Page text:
DIE #20 provides a fitting and direct end to a long and thoughtful series examining our relationship with roleplaying games. In December 2018, Image Comics published DIE #1, a comic book in which a group of broken adults returned to the fantasy hellscape they found themselves trapped in for several years as teenagers. The series, written by Kieron Gillen and illustrated by Stephanie Hans, was described at the time as "Goth Jumanji," which hinted at a more lurid take on a tale where a group of players get trapped in a game they were playing.
2018 was also the year I started writing professionally about the Dungeons & Dragons game and franchise for ComicBook.com. And it was the first time I had run a D&D campaign - my previous experiences with roleplaying games involved the similar but "more crunchy" Pathfinder. I was not a veteran Dungeon Master when I began reading DIE, nor did I have a deep understanding of what DIE meant at its most fundamental level. As I grew in experience as a Game Master and found myself increasingly invested in the world of Dungeons & Dragons, DIE continued to grow from its "players trapped in the world of the game" mold to become a story about a group of people confronting the darkest aspects of their own personalities and interpersonal relationships with each other to survive. In 2018, I didn't understand that aspect of DIE and what it had to do with games and communal storytelling. As DIE #20 is released in 2021, I understand it a little better.
In 2020, in the depths of the pandemic, I started a new D&D campaign with the group of players I had started playing roleplaying games with several years ago. Over time, that campaign of 6 players became a campaign of 18 players, spread over the course of three nights. With the world shut down and me all but trapped inside my house, that campaign became one of the most precious things to me. I cared about the characters who inhabited the world, I cared about players (who ranged from my wife and best friends to near-total strangers) who helped me build that world, and I hated....I hated whenever someone did something that threatened the fragile ecosystem of 19 people with radically different backgrounds and playstyles working together to build a cohesive narrative. To preserve that precious balance, I became a mediator and administrator, I bent over backwards to accommodate inane requests, and I compromised in ways that made me uneasy and upset. But I did it... because it was for the sake of the game. Eventually, I wizened up and brought this wonderful game to a conclusion before it became parasitic. My relationships with my friends and players were salvaged. Stepping away, even for a short time, from the game did a world of good and helped bring context to my relationship with the campaign, my players, and my friends.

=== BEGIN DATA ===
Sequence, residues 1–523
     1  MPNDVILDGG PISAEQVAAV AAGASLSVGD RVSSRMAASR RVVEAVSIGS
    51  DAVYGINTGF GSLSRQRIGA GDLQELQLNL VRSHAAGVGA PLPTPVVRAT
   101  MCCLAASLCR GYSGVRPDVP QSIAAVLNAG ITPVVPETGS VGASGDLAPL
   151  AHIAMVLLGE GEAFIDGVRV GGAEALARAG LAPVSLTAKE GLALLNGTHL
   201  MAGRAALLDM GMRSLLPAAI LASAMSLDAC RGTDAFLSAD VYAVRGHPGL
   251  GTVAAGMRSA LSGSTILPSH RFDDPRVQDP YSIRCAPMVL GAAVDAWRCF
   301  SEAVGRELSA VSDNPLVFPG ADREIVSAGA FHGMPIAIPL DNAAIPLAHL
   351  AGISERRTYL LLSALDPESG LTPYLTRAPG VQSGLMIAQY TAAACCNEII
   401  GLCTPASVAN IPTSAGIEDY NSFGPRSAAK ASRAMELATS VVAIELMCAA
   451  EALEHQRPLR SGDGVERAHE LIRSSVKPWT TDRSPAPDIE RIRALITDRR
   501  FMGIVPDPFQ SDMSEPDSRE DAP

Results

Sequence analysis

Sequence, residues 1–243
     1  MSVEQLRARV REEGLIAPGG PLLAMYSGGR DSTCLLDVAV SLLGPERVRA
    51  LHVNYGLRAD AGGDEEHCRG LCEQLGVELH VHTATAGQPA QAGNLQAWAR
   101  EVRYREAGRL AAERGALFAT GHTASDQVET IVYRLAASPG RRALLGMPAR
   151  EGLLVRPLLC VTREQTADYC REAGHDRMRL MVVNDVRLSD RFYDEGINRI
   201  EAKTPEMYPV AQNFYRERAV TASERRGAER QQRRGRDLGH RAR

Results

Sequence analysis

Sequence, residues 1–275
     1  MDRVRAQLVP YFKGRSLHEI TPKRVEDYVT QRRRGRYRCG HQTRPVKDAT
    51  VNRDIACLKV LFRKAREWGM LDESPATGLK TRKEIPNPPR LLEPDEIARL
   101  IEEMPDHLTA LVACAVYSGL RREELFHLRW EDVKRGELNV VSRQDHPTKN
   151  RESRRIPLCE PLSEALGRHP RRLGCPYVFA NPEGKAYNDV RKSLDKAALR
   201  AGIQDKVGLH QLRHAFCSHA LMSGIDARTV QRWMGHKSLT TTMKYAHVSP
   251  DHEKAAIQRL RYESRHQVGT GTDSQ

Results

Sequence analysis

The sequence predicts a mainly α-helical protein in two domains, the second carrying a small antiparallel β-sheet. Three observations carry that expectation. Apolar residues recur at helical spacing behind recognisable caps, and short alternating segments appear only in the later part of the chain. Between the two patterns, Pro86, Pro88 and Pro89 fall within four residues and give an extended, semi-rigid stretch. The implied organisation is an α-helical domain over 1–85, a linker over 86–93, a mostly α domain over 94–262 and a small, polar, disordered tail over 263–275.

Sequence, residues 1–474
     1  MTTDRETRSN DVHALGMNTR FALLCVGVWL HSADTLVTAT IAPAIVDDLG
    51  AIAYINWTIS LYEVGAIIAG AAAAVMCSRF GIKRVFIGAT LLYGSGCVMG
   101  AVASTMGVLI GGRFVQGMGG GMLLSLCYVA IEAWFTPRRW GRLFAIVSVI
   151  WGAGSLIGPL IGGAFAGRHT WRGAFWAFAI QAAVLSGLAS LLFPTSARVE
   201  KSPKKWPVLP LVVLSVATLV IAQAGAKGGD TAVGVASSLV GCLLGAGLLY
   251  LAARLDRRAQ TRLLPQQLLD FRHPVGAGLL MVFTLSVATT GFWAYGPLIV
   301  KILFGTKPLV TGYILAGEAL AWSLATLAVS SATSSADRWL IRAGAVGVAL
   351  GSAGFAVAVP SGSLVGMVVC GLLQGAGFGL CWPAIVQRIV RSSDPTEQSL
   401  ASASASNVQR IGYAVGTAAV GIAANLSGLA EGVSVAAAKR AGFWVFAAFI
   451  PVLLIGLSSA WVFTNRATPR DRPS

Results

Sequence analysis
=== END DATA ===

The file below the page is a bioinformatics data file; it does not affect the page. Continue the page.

When DIE started, I found it weird when Gillen talked about how DIE would examine how one can lose themselves in a game and whether "losing yourself" in a world was worth it. I guess I understand that message a little better now. The characters of DIE lost a part of themselves during their first trip into the world of the game, and they couldn't truly move past that experience until they returned. In the final issue of DIE, we see the players confront the very concept of the game itself and it's only through self-examination and self-confrontation (both figurative and very literal in this issue) that they are able to leave. In this case, the players leave behind something toxic and re-gain something "good" they left behind in the first place. Things don't always work out that way in the real world, and even in DIE, the characters question whether that raw and brutal soul searching is worth the effort.
DIE is about more than games or even our relationships with those we play games with. When you truly allow yourself to be consumed by... anything, whether it's a piece of fiction, the drama of national politics, a captivating true crime podcast, or a band's discography, you risk that thing becoming a parasite. People are quick to define themselves by their fandoms, whether it's the comic book characters they like, or the games they play, or the teams they watch, or music they listen to. DIE asks the question if letting that fandom feed on your soul, if inviting it to become a part of your true self, is a good or bad thing. It provides no easy answers—enjoying something to the point that you "lose yourself" to it can provide relief, joy, and comfort, and it can also be toxic and harmful—but the examination itself was poignant, thoughtful, and masterful throughout. Maybe the true joy of DIE, much like that in the best fantasy roleplaying games, is the journey we took reaching the end of the story.
Published by Image Comics
On September 29, 2021
Written by Kieron Gillen
Art by Stephanie Hans
Letters by Clayton Cowles
Cover by Stephanie Hans